Thanks for clearing that up. I believe I saw a die filer for sale at Cabin Fever. It was a small table (about eight inches high and six inches square) with a file sticking up out of the middle that went up and down at variable speeds and you would hold the work piece against it. Does that sound like it? I didn't ask the seller for the name. I appreciate the feedback.
Johnny

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Jacin
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Re: Working with brass - tools

Post by Jacin » Wed Feb 04, 2004 4:06 pm

Hi Johnny,

I never knew how useful a beverly shear would be UNTILI got one!! Now I wouldn't be without it!!!

Here's alink to a sit ethat sells them - as you can see they are NOT cheap - so I would suggest looking for a used one. I boughtmine used and have been extremely happy with it. Harbor Fright sells them as well - but I wouldn't expect much (just a guess) - I am biased for Good American Iron (actually most any IRON that isn't made by the "sum flung dung" corporations/countries. [img]/ubb/images/graemlins/grin.gif"%20alt="[/img]

Tin Man's Beverly Shear

I guess your resources and budget will be the deciding factors [img]/ubb/images/graemlins/crazy.gif"%20alt="[/img]


I hope this helps - and sorry it took so long for a reply - I missed your comments somehow.


As for benefits - it will cuts radii (with some practice) very well. It has a great capacity in terms of it's size. The accuracy is excellent - you can cut anything from a sliver off a 1" piece or a 8ft sheet in half. Throatless means it has no predetermined length of cut - sorta like scissors - ya just keep going!!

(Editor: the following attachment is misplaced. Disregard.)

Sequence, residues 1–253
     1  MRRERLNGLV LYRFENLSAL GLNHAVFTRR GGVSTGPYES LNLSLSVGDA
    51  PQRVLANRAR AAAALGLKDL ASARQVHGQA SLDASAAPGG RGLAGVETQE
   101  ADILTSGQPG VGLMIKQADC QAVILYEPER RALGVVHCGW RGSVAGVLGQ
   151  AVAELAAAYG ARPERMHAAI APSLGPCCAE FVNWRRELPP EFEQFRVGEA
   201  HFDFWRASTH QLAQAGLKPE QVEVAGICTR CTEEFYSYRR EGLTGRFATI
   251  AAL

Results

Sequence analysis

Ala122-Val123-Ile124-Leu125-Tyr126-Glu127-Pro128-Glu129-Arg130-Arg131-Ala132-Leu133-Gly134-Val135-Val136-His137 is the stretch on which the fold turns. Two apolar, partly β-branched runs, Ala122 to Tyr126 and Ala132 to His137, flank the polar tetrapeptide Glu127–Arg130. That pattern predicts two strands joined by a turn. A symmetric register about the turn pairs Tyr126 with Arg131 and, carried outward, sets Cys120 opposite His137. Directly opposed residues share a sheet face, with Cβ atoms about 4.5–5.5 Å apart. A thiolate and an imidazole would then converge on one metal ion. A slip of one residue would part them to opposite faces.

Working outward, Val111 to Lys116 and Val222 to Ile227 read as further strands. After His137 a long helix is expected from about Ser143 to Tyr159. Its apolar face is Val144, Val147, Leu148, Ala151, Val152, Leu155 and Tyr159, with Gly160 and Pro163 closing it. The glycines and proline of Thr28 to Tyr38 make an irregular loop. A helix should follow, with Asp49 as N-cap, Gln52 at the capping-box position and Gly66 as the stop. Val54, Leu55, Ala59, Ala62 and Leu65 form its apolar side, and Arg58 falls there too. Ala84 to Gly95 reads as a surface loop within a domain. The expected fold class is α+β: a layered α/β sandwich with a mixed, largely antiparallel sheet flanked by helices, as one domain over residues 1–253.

I hope this helps

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Roy
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Re: Working with brass - tools

Post by Roy » Wed Feb 04, 2004 4:34 pm

Roy,
Thanks for clearing that up. I believe I saw a die filer for sale at Cabin Fever. It was a small table (about eight inches high and six inches square) with a file sticking up out of the middle that went up and down at variable speeds and you would hold the work piece against it. Does that sound like it? I didn't ask the seller for the name. I appreciate the feedback.
Johnny

Thats it, now you know and have seen what a die filer is. They are very nice to have if you can pick one up at a reasonable cost. I would love to havae one myself, so its on my list of items to eventually make.

I just wish there was a way I could make shear blades as I would definately love to have a nice shear. Used shears of any kind except tin snips in this area are wroth a small fortune. The local school district sold a 4' wide foot shear about 2 months ago without any blades, and it brought over $450 at auction, and it was pretty well beat up.

johnny
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Re: Working with brass - tools

Post by johnny » Tue Feb 10, 2004 1:27 am

Jacin/Roy,
Thanks again for the feedback. Too bad Santa won't be back for another ten months! Guess I'll just have to part with some long green. Sounds like they are "must have" tools, but then what tool isn't?
Johnny

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willjordan
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Re: Working with brass - tools

Post by willjordan » Fri Mar 19, 2004 7:55 pm

Thats it, now you know and have seen what a die filer is. They are very nice to have if you can pick one up at a reasonable cost. I would love to havae one myself, so its on my list of items to eventually make.

There is a company that makes castings for a very fine looking die filer. Here's a link to the filing machine castings. I have some other casting kits from him and have seen the filing kit and think his products are well worth the money.
grace & peace
will

[url=http://willjordan.com]Will's Web Pages[/url]

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Steve_in_Mich
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Re: Working with brass - tools

Post by Steve_in_Mich » Sat Mar 20, 2004 9:47 am

I saw (03/16/04) a nice little All American bench model die filer at an equipment dealers place in Standish, Mich. with a $75.00 tag on it. It didn't have a motor on it but a 56 frame 1/3 HP would bolt on the cast baseplate nicely. I suspose if a guy's bent is to build one - buying would be no fun at all.

Owner is Victor Hoffman
e-mail, hei@mich.com
1-989-846-1400
Just because you don’t believe it - doesn’t mean it’s not so.